8 Unexpected Skills Needed to Be a Teacher

Teaching is about much more than lesson planning or standing at the front of a classroom and delivering. Here are weird skills needed to be a teacher.

Teachers are the frontlines of guiding our youth towards a successful future. They don’t just teach specific subjects, but also instill life lessons and behavioral skills to their students.

It’s one of the most rewarding jobs that you could possibly have. You get to witness your hard work and dedication pay off as your students grow in front of your eyes.

There are certain aspects and skills that all teachers need in order to be successful, but some of them are quite unexpected.

Here are some of the skills needed to be a teacher that you may have never previously considered.

  1. Self-Confidence

While teaching can be one of the most rewarding careers you could possibly have, it can also be the most mentally-draining.

You’ll find yourself repeating a lot of the same instructions and questions over and over. There are some students you’ll have that may seem like the type you’ll never be able to get through to.

In times like those, it’s important to have confidence in your abilities. You need to be able to trust that what you’re doing will pay off down the line.

You’ll have days where you’re mentally exhausted, and you’ll need to summon the courage to power through it. Confidence is key for those situations.

  1. Patience

Regardless of what age you envision yourself teaching, kids can be frustrating to teach at times.

Each kid comes with their own attitudes, lifestyles, and learning blocks that you’ll have to break through in order to best teach them. That can be hard to wait around for as some kids require more attention than others.

You’ll have a few troublemakers in your teaching career. Yet you’re the adult, you’re the one that needs to show restraint and lead by example.

Shaming a kid in front of all his peers is non-constructive, you need to have the patience to crack their code at the right moment.

  1. Ready to Learn

This may seem counterintuitive to being a teacher. After all, you’re the one teaching the subject, shouldn’t you already know everything there is to know? Not exactly.

Not only will the subject you’re teaching change and advance in your 30-40 year teaching career, but your teaching style will also.

You have to be open to trying new techniques, installing new practices, and presenting the information in different ways.

The best leaders are the ones that never stop learning. They try new innovative ways to keep things fresh.

  1. Enjoy Hearing Yourself Talk

As previously mentioned, you may find times where you’re repeating yourself over and over.

When it comes down to it, teaching is speaking in front of 25-30 kids at a time and presenting information to them. They may also have several questions afterward that you’ll need to answer.

In short, you’ll want to enjoy (or at least be content with) hearing yourself talk almost 75% of the day. The best teachers take this opportunity to engage with their students.

A majority of your career will be spent talking, get acclimated with how to best use the voice that God gave you!

  1. Optimum Organization

Teaching is done most effectively when the lessons are compartmentalized. There the students will learn the information one piece at a time.

In order to avoid drowning them with information, you have to effectively organize the lessons you’re trying to drive home.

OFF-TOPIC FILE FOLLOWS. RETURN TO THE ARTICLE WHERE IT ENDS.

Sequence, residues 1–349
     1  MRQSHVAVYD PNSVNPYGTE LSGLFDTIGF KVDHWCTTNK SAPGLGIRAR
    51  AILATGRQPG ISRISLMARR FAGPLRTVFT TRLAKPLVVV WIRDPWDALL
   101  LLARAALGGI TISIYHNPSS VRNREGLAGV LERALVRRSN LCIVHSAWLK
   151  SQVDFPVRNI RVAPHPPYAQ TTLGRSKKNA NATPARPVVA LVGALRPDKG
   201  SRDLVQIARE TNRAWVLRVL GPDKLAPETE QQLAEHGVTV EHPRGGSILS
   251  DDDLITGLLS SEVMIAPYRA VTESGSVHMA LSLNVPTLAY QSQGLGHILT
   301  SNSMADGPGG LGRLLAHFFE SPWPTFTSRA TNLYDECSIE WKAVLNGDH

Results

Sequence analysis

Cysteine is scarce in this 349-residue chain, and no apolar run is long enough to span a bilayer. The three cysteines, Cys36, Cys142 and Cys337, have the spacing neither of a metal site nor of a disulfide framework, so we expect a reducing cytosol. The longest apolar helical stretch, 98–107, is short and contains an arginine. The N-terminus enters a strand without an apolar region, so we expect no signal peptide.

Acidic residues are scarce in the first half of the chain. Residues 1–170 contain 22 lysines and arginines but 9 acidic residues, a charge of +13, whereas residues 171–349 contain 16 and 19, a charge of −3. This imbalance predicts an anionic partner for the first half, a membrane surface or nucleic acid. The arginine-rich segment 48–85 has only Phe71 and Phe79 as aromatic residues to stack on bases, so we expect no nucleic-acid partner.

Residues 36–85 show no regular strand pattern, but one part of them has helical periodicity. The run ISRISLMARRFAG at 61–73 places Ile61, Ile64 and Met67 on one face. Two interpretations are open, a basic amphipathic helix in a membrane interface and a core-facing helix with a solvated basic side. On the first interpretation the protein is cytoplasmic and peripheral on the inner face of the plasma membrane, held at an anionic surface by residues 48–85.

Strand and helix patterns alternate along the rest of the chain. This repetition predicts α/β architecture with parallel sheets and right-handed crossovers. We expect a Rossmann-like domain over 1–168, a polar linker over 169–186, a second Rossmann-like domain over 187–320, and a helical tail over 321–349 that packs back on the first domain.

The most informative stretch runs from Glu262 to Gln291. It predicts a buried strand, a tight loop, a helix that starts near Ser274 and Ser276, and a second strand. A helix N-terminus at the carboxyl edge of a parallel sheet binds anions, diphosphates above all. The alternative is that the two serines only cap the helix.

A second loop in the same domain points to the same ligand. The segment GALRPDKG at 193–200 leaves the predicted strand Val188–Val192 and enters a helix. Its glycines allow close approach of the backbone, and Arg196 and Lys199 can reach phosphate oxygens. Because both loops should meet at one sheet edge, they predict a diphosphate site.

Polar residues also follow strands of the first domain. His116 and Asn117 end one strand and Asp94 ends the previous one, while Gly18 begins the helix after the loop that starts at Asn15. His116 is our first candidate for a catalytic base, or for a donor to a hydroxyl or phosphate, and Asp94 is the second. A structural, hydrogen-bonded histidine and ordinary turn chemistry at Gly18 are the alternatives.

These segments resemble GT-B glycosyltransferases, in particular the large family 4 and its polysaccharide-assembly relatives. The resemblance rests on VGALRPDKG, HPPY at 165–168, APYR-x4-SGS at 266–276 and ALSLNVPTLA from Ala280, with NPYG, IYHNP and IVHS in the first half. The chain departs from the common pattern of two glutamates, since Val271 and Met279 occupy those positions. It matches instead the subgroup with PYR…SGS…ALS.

More than that, your day will be sporadic. Five periods of the day you’ll be teaching classes while you may only have an hour each day to grade papers and tests. Your organizational skills will come in handy to use that time efficiently.

  1. Flexibility

The best teachers are those that keep a flexible approach with every aspect of their job.

For example, you may have planned to cover three chapters of a book in one class period. However, your class isn’t understanding the first chapter, so you had to focus on that chapter and adjust the rest of the week to make up for it.

You may also find your schoolboard asking you to teach subjects you have almost no experience with. Being open to learning and teaching that subject makes you an even more valuable teacher to their school.

If that sounds less than ideal, there are always alternative jobs than the typical teacher role.

  1. Deal Well with Stress

Stress will come in any career path that you choose, but teachers are on a tighter window to overcome adversity that they face.

If something happens in one class, you have to deal with it and then move on to the next class the following hour. After all, the show must go on!

You’ll be tasked with overseeing the safety and development of hundreds, if not thousands, of kids. That’s no small task, and it comes with plenty of obstacles. You need to cope with the struggles you face, solve them, and help the next student!

  1. Understanding

Some things in your students’ lives are bigger than the classroom. The troublemaker that makes your life a living hell may be doing so because they don’t get any attention at home.

While you may feel like lashing out at them, being a mentor to them is always a better way to go.

Your ability to empathize with the student and what they may be going through will help you grow as a teacher and a human being.

Develop the Necessary Skills Needed to be a Teacher

Be honest with yourself, some of these skills needed to be a teacher may not come naturally to you. That doesn’t mean you can’t acquire them.

Start thinking of ways that you can work on improving these traits in your life and the reward will be outstanding!

Be sure to check back with Education 2008 often for all the latest news and information on teaching.